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Selective increase in subtelomeric DNA methylation: an epigenetic biomarker for malignant glioma



Subtelomeric regions dynamically change their epigenetic pattern during development and progression of several malignancies and degenerative disorders. However, DNA methylation of human subtelomeres and their correlation to telomere length (TL) remain undetermined in glioma.


Herein, we report on the selective changes in subtelomeric DNA methylation at the end of five chromosomes (Chr.) (7q, 8q. 18p, 21q, and XpYp) and ascertain their correlation with TL in patients with glioma. Subtelomeric methylation level was invariably higher in glioma patients compared to the control group, irrespective of their age and tumor grade. In particular, a significant increase in methylation was observed at the subtelomeric CpG sites of Chr. 8q, 21q, and XpYp in tissues, obtained from the brain tumor of glioma patients. In contrast, no significant change in methylation was observed at the subtelomere of Chr. 7q and 18p. Selective changes in the subtelomeric methylation level, however, did not show any significant correlation to the global TL. This observed phenomenon was validated in vitro by inducing demethylation in a glioblastoma cell line (SF-767) using 5-azacytidine (AZA) treatment. AZA treatment caused significant changes in the subtelomeric methylation pattern but did not alter the TL, which supports our hypothesis.


DNA methylation level dramatically increased at the subtelomere of Chr.8q, 21q, and XpYp in malignant glioma, which could be used as an early epigenetic diagnostic biomarker of the disease. Alterations in subtelomeric methylation, however, have no effects on the TL.


Malignant glioma is one of the most common, locally invasive and aggressive form of primary brain tumors that predominantly manifests in adults but is also frequently reported in infants [1, 2]. In its most aggressive manifestation, glioblastoma multiforme, the median survival of patients is approximated to a year, and survivors over 3 years are referred to as the “long-term survivors” [3, 4]. Despite the accessibility to multimodal therapeutics including surgery, chemotherapy and radiation therapy, the overall therapeutic benefit against glioma remains unsatisfactory [5]. One of the major focuses in clinical research hence has been aimed to identify the potential early stage signatures imprinted at the genomic or epigenomic loci of glioma [6]. The modified epigenetic marks such as DNA hypermethylation or hypomethylation of different gene promoters are already reported from several clinical studies in conjunction with glioma patients [79]. In particular, the occurrence of hypermethylation at the MGMT (O6-methylguanine DNA-methyltransferase) promoter, located at Chr. 10q26, has been identified as one of the significant molecular markers of glioma [10]. The acquired methylation at the MGMT promoter results in silencing of the gene, which has been associated with prolonged survival in glioma patients, due to the enhanced susceptibility of tumor cells to the chemotherapeutic agents such as temozolomide [11, 12]. Besides MGMT, hypermethylation at the promoter of several tumor suppressors, apoptotic, or Wnt-signaling pathway involved genes and hypomethylation of normally silenced genes such as CD133, MMP9, or IL8 have also been identified among the glioma patients [1315].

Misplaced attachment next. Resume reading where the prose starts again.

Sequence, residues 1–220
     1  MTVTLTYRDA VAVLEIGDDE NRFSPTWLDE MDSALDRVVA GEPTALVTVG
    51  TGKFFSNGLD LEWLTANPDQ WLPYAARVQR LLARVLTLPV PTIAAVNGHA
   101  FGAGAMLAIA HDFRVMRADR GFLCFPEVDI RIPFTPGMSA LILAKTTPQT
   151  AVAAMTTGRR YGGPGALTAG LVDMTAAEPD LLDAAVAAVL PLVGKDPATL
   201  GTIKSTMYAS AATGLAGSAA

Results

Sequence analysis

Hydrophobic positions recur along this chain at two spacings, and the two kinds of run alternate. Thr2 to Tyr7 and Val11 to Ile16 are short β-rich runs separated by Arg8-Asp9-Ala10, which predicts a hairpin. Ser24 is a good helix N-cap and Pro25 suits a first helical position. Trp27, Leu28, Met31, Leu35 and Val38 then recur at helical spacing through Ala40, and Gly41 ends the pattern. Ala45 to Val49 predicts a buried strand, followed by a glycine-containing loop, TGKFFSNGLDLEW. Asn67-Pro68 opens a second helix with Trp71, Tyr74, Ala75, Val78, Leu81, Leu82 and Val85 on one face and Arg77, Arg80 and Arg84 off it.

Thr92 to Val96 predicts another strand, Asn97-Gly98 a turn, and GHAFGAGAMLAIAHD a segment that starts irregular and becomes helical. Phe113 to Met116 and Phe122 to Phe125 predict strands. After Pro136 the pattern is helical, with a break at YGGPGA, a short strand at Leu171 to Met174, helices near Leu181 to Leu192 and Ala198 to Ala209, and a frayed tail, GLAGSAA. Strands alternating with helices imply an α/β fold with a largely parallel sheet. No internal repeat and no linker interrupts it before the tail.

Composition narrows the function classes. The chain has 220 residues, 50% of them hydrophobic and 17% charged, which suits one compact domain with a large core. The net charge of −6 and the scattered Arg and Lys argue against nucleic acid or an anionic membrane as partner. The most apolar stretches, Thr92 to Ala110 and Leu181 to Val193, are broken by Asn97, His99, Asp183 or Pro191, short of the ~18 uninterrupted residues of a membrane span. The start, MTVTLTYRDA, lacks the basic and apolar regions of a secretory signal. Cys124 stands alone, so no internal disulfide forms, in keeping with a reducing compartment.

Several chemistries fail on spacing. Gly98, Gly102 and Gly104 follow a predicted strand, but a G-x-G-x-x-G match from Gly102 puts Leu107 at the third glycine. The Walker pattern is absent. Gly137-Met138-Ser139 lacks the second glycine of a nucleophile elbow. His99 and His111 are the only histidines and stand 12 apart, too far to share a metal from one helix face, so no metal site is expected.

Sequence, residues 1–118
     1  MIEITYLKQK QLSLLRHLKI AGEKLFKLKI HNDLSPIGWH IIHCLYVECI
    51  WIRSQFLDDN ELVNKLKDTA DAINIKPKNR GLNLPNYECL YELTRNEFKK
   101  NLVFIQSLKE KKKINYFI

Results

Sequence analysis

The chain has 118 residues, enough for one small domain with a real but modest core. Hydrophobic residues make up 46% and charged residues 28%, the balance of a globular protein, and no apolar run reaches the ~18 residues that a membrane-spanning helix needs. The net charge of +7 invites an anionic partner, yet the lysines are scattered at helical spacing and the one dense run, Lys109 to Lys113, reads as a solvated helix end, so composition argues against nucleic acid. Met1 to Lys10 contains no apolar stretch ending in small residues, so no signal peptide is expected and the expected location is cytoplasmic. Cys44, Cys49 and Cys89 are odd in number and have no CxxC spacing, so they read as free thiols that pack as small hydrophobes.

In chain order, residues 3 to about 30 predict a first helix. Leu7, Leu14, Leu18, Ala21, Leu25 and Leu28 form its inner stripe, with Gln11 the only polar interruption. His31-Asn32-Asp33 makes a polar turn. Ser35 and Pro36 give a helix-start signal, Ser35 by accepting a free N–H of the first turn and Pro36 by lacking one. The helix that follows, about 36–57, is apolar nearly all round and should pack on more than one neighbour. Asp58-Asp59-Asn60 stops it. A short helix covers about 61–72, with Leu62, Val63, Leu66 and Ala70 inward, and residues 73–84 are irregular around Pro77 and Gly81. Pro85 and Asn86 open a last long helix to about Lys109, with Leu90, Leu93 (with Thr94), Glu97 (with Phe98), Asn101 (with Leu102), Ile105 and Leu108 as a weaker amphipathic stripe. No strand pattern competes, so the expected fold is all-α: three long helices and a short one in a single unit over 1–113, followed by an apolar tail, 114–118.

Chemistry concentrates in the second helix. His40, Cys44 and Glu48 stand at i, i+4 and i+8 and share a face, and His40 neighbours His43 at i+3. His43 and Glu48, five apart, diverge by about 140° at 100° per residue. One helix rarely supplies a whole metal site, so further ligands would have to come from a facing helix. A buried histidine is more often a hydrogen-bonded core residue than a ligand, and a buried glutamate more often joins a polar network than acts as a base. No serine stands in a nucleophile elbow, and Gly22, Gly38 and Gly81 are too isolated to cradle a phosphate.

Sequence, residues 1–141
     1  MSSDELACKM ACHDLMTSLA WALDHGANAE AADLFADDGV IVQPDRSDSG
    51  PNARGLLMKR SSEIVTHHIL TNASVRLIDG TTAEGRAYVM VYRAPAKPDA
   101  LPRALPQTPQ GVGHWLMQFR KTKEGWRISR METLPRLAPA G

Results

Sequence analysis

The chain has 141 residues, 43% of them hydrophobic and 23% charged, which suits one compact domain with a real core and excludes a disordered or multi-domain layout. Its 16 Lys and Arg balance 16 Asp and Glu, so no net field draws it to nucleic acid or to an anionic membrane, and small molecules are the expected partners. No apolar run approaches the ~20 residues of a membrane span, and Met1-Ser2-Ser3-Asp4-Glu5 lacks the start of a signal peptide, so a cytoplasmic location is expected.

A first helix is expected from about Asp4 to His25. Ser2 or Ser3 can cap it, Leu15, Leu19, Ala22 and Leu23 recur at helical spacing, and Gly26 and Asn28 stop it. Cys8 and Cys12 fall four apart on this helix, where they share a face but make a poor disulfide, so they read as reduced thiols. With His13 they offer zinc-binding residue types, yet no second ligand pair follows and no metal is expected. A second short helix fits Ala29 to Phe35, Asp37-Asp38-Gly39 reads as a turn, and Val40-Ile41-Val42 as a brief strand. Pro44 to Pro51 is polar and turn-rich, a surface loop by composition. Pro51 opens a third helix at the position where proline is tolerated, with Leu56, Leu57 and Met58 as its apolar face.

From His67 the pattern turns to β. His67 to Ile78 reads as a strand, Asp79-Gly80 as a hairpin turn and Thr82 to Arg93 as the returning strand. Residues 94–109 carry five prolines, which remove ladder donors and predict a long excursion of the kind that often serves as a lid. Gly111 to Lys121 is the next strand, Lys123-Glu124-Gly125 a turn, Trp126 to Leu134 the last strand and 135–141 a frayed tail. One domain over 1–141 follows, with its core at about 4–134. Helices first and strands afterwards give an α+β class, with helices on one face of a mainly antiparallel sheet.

Telomeres positioned at the ends of chromosomes are specialized nucleoprotein complexes containing multiple arrays of duplex TTAGGG repeats and a complex of telomere repeat binding proteins [16, 17]. Telomeres prevent degradation of chromosome (Chr.) ends and their exposure to unnecessary DNA repair activities and recombinations [16]. Telomere adjacent subtelomeric domains are also considered to be a part of heterochromatic regions [18], which are enriched with the promoters of several genes, segmental duplications, satellite sequences, or telomere-like interstitial TTAGGG repeat sequences. In addition, subtelomeres harbor highly repetitive CpG dinucleotides, which are otherwise absent in telomeres and are prone to epigenetic changes, mainly the DNA methylation. Aberrant epigenetic alterations at the subtelomeric CpGs due to induced methylation or hydroxymethylation have been reported to influence several biological pathways or induce cellular reprogramming; the detailed mechanisms of which are yet to be understood [19]. The random epigenetic modifications at the subtelomeric repeat elements or embedded gene promoters are also speculated to influence telomere length (TL), which is otherwise tightly regulated [18, 20]. Several studies have suggested that dense cytosine methylation at the subtelomeric CpG islands may be involved in silencing the noncoding RNA referred to as the telomere repeat-containing RNA (TERRA), a potential negative regulator of telomerase. Methylation mediated transcriptional repression of the TERRA promoter, embedded in the subtelomeric regions may facilitate telomerase access resulting in telomere lengthening in telomerase positive tumor cells [2123]. In contrast, triple negative knockdown of Ten eleven translocation (TET) methylcytosine deoxygenase proteins in mouse embryonic stem cells, which caused depletion of methylated cytosines in the chromosomal ends, is reported to result in elongated telomere [24]. Moreover, some recent reports have demonstrated the correlation between the subtelomeric DNA methylation to the development of several degenerative disorders and some sporadic malignancies [2527]. In summary, studies show that DNA methylation of subtelomeric regions plays a crucial role in the regulation of TL [28].